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Senega Roots

Botanical Name(s): Polygala Senega, Polygala Vulgaris
Kingdom: Plantae
Division: Magnoliophyta
Class: Magnoliopsida
Order: Fabales
Family: Polygalaceae
Genus: Polygala
Species: P. amarella
Popular Name(s): Seneca snakeroot
Parts Used: Roots
Habitat: Cultivated in India

Description
Polygala Senega has a perennial branching root, from which several erect, simple, smooth, round, and leafy stems annually rise, around nine inches to a foot in height. The stems are occasionally tinged with red or purple at the end, but are green near the top. The leaves are alternate or scattered, lanceolate, pointed, smooth, and bright green on the upper surface. The outer three sepals in the flower of the plant are generally green and small in shape. In contrast, the inner two sepals are bigger in size and bright blue in color. They can also be in white, mauve or pink in color. Fresh senega root has a pleasant smell, similar to that of wintergreen. This fragrance is so because it contains approximately 0.1 % methyl salicylate. However, the active ingredient in the herb is a complex mixture of triterpenoid saponins. The concentration of triterpenoid saponins may range from 8 to 16%. Northern senega, which grows in the northwestern states of United States, is considerably larger than the regular variety. It is also darker in color.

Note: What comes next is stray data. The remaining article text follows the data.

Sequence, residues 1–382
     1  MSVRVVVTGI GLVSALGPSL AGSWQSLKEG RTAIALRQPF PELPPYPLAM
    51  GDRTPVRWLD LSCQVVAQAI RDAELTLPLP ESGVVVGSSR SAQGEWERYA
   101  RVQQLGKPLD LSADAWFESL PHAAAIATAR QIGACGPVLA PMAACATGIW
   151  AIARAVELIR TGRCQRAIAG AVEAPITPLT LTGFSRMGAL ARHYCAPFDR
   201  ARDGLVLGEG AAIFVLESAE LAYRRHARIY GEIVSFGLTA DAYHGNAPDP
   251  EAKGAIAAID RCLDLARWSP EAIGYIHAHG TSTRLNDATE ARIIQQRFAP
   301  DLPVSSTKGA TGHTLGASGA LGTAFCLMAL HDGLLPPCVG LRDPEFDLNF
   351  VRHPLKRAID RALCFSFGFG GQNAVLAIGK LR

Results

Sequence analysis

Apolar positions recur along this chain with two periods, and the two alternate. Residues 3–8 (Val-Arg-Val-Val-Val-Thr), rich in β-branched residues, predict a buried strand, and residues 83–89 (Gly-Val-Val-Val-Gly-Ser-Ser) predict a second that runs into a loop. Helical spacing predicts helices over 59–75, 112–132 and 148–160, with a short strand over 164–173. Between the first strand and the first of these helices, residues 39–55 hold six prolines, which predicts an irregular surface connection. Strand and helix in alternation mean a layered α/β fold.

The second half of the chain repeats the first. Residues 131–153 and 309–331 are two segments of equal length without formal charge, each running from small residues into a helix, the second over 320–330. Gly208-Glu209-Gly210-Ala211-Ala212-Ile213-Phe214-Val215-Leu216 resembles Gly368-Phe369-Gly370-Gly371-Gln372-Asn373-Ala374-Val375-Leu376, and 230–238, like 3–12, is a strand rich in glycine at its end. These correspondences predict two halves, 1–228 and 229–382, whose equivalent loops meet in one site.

Plant chemicals
Seneca snakeroot contains a series of saponins, constructed from the 2, 3, 27-trihydroxy-oleanane 23, 28-dioic acid triterpene skeleton (presenegenin). A variety of methoxy-cinnamate esters are attached at the internal sugar of the C-28 chain. These saponins have been named senegins ?-?V and senegasaponins A-C, which can be analyzed by HPLC. Several other species of Polygala contain distinct, but very similar saponins based on the same sapogenin. An extensive series of ester oligosaccharides, senegoses A-O, have been isolated from P. senega var. latifolia.

Uses & Benefits of Senega Roots
Caution



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